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Economic growth and cycles: Cross-country models of education, industry and fertility and international comparisons

  • Guisan, M.Carmen
  • Aguayo, Eva
  • Exposito, Pilar

The aim of this article is to point out the importance of education on a sustained economic development strategy, having into account inter-sector relations and the influence of education in the growth of production per head. Three cross-country models are presented. The first model relates the diminution of excessively high fertility rates with increases in the educative level of population. The second model relates value-added in the services sector with the internal production of industry and agriculture, as well as with foreign trade and changes in population. The third model relates the industrial development with the educative level of population and foreign trade. We analyse, from a worldwide view, the evolution of real Gross Domestic Product (Gdp), Population and Gdp per inhabitant (Gdph). USA, Japan, the European Union, Latin America, Africa, China, India, and other areas of Europe and Asia-Pacific are considered, and the main differences in the levels of Gdph are explained, having into account the results of the cross-country models. The main conclusions highlight the necessity of new international policies for improving the educative level of population in less developed countries. .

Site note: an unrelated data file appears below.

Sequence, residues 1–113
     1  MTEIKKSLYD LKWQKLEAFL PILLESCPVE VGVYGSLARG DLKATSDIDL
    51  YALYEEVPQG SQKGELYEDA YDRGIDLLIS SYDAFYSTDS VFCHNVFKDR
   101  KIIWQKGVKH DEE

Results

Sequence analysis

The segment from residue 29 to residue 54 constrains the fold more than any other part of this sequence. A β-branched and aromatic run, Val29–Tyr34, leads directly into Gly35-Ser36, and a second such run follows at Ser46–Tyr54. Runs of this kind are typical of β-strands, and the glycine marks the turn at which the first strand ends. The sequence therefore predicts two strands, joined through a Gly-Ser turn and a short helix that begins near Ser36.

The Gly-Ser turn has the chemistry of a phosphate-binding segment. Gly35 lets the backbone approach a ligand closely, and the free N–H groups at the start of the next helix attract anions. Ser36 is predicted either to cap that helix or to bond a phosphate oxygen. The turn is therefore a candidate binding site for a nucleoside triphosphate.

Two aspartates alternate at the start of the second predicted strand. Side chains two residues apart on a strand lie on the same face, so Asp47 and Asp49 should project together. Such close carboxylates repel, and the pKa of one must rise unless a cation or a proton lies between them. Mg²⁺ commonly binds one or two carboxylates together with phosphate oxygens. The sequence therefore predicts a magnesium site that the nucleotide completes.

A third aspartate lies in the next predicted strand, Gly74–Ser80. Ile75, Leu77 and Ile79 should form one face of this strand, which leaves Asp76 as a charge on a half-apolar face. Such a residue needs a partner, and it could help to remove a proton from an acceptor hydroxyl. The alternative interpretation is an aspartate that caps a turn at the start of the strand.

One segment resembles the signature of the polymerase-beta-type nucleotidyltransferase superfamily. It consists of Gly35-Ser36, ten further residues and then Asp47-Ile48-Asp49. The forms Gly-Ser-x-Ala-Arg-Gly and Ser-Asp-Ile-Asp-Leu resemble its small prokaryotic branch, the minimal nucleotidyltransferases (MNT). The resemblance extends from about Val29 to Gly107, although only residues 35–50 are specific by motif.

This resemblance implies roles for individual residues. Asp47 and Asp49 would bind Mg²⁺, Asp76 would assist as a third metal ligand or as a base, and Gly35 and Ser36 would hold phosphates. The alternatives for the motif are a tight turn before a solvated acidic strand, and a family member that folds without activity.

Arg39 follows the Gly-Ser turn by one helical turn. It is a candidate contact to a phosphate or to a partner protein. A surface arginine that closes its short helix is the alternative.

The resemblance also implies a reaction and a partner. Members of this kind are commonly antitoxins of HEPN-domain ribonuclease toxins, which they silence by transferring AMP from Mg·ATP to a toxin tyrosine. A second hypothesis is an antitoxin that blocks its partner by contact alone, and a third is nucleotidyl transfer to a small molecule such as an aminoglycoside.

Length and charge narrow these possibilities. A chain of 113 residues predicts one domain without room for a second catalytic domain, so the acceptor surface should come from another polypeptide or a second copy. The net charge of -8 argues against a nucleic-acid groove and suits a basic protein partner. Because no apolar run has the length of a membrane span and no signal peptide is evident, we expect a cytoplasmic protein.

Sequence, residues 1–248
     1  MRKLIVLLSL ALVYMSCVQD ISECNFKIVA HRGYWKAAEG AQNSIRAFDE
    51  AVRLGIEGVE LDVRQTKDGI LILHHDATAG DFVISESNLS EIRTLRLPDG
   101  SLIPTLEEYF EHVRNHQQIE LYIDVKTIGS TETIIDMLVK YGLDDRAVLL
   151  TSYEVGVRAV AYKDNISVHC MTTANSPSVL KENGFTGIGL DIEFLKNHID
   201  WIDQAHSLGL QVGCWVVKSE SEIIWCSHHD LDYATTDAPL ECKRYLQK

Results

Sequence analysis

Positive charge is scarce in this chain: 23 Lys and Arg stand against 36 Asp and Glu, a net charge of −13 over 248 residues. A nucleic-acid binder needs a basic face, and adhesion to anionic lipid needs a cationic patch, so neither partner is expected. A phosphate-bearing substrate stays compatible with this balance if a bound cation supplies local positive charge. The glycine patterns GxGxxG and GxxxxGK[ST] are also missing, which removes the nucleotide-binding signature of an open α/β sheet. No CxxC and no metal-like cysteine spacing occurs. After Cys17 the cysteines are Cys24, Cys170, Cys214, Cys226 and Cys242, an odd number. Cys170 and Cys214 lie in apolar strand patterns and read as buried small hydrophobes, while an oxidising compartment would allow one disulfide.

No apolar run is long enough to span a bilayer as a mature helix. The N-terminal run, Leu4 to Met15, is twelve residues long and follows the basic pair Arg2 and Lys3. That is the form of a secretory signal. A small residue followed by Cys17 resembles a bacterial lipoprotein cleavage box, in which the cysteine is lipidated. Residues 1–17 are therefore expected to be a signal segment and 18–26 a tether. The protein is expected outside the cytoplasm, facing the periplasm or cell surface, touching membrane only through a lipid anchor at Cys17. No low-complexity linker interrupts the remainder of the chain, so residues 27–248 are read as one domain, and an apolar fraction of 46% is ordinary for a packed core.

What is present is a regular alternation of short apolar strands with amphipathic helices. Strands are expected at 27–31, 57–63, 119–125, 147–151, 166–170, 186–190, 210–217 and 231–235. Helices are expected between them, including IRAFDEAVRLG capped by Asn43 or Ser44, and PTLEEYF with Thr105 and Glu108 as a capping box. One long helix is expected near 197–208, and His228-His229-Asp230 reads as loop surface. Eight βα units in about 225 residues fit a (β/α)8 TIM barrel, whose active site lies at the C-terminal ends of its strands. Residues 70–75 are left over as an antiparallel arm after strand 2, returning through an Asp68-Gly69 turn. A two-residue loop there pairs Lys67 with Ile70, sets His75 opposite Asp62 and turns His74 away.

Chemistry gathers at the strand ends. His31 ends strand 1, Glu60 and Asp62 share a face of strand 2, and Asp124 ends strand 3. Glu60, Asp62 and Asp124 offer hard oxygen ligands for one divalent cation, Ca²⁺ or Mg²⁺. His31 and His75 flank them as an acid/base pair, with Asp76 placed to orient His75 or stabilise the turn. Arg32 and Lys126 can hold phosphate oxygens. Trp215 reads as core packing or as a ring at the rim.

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Article provided by Euro-American Association of Economic Development in its journal Applied Econometrics and International Development.

Volume (Year): 1 (2001)
Issue (Month): 1 ()
Pages: 9-37

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Handle: RePEc:eaa:aeinde:v:1:y:2001:i:1_1
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  1. Robert Summers & Alan Heston, 1991. "The Penn World Table (Mark 5): An Expanded Set of International Comparisons, 1950–1988," The Quarterly Journal of Economics, Oxford University Press, vol. 106(2), pages 327-368.
  2. Lawrence F. Katz & Claudia Goldin, 2001. "The Legacy of U.S. Educational Leadership: Notes on Distribution and Economic Growth in the 20th Century," American Economic Review, American Economic Association, vol. 91(2), pages 18-23, May.
  3. Guisan, M.Carmen & Exposito, Pilar, 2002. "Economic Growth and Cycles in Asia and Africa in the 20th Century," Review on Economic Cycles, International Association of Economic Cycles, vol. 5(1), December.
  4. Susanto Basu & Alan M. Taylor, 1999. "Business Cycles in International Historical Perspective," Journal of Economic Perspectives, American Economic Association, vol. 13(2), pages 45-68, Spring.
  5. Lee, Jong-Wha & Barro, Robert J, 2001. "Schooling Quality in a Cross-Section of Countries," Economica, London School of Economics and Political Science, vol. 68(272), pages 465-88, November.
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